Review # 4

Trajectories of Youth In and Out of Violent Radicalization

Recent studies* have given voice to radicalized youth and their families in documenting their trajectories in and out of violence. As such, they have provided direct and in-depth information on the breeding grounds of violent radicalization, namely:

  • Disrupted family dynamics and histories of abuse/violence;
  • Personal, enabling, motivating, and precipitating structural factors related to geopolitical grievances;
  • Social networking and psychological factors such as search for identity, need for belongingness, personal choices, and a sense of humiliation or disappointment in the institutions of society.

In addition, a number of differentiated trajectories have begun to emerge, namely:

Push trajectories, where the youth is pushed away from dysfunctional family dynamics and social problems such as discrimination, exclusion, and a polarized environment, and where he/she finds relational and emotional support in an extremist authority figure. Disengagement markers in these trajectories are often characterized by disillusionment with the hatred and violence of extremist movements;

Pull trajectories, where a well-functioning youth is pulled towards extremist movements as a result of a quest for meaning, strong ideologies, and a strong goal in life. Markers of violent radicalization are often triggered by sudden insight into the double standard of the extremist organization or investment in another equally competing life goal;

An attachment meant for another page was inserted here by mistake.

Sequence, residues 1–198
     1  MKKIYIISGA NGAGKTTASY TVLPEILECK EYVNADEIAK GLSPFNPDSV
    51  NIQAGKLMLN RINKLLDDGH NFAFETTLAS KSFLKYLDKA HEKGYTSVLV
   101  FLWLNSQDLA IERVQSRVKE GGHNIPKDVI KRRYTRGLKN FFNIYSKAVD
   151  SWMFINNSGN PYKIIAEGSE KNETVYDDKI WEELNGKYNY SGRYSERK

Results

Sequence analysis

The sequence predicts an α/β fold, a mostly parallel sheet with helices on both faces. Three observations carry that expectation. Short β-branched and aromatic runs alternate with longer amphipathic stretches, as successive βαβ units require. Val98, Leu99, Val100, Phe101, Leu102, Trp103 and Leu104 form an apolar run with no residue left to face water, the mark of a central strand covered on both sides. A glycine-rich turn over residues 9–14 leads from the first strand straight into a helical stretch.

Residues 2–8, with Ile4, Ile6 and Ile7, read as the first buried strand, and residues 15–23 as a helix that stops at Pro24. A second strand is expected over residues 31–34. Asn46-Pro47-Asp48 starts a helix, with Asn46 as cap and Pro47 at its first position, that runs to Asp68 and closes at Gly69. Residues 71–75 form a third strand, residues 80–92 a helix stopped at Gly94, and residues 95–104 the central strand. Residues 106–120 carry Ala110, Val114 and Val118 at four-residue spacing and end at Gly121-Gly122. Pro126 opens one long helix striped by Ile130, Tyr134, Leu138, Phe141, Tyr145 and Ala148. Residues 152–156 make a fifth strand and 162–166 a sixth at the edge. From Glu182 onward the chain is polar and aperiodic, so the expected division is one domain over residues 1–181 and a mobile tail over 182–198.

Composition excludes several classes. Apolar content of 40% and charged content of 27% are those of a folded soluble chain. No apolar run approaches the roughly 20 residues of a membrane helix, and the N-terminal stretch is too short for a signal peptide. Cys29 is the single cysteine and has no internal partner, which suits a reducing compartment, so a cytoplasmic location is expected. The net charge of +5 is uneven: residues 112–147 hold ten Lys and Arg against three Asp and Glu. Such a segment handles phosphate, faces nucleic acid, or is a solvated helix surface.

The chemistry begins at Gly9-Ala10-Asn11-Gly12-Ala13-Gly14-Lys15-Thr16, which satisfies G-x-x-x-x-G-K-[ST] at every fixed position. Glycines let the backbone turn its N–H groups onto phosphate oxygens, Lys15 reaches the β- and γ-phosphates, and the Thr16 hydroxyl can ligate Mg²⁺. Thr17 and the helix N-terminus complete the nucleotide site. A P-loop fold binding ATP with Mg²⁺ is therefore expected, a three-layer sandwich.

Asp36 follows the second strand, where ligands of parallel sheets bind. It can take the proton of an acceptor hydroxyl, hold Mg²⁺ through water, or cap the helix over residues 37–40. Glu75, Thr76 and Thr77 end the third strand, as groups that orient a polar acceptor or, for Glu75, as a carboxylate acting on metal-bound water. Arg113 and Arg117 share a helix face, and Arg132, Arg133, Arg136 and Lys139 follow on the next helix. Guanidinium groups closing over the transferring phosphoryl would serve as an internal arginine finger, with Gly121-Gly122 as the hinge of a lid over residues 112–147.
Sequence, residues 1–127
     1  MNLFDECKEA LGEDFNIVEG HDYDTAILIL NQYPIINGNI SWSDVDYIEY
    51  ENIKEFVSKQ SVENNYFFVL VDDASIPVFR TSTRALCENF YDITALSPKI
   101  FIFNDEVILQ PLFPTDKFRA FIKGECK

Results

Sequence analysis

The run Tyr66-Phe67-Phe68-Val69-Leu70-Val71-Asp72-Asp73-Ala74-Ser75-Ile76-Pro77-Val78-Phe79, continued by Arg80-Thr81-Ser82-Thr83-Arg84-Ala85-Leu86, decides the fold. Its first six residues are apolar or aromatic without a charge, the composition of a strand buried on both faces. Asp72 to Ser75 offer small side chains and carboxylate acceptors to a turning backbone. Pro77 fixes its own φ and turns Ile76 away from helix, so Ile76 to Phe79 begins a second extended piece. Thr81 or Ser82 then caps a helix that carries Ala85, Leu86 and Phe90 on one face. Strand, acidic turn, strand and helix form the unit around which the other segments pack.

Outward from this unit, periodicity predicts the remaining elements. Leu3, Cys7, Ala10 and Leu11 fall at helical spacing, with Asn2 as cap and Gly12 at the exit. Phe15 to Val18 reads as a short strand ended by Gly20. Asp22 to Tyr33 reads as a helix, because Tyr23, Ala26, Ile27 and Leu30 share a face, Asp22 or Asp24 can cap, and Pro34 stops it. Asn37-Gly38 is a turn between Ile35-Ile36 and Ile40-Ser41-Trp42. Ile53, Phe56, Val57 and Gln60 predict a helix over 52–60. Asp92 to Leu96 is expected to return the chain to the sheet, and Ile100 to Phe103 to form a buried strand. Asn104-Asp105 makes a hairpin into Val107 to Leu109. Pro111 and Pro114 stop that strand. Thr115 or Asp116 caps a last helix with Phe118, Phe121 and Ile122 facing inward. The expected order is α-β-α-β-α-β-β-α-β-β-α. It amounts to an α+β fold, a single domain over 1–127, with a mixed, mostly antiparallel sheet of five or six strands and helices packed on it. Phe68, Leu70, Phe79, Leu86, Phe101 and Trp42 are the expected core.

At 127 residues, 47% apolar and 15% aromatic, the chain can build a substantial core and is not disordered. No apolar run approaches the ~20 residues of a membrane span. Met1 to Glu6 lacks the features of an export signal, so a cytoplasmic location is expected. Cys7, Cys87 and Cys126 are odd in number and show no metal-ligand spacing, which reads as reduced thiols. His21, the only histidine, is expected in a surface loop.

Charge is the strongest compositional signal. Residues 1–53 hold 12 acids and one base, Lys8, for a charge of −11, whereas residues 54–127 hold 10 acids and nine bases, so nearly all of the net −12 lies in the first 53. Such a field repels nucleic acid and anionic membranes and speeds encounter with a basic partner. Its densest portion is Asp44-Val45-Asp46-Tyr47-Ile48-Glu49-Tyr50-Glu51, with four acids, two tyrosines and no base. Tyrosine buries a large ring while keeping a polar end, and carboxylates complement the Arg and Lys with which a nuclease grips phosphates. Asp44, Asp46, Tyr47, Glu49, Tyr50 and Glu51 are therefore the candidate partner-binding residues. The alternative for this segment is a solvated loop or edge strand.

“Passionate” trajectories, for high sensation seeking youth (at times with a history of delinquency) attracted by “heroic” and powerful images conveyed by the extremist groups and in search for extreme challenges. De-radicalization markers in these trajectories seem to include dissatisfaction with the simplified content of extremist ideals and boredom with challenges offered by the group.

These trajectories constitute a valuable and theoretically sound starting point to understand the pathways of youth in and out of violent radicalization. However, the evidence is still unclear about the relative influence of each shift marker. Thus, the objectives of the fourth systematic review are as follows:

  • Produce path models of youth trajectories with weight estimates of the differential effect of shift markers for each trajectory;
  • Exemplify how this information can be used by practitioners, who face the responsibility of acting rapidly with families and communities struggling with radicalized youth;
  • Ensure that policymakers target shift markers that lead to the best outcomes when they set coordination priorities, select screening/assessment tools, and implement preventive/intervention efforts.

* Sieckelinck, S., & de Winter, M. (2015). Formers & families: Transitional journeys in and out of extremisms in the United Kingdom, Denmark and The Netherlands. The Hague, Netherlands: National Coordinator Security and Counterterrorism, Ministry of Security and Justice.
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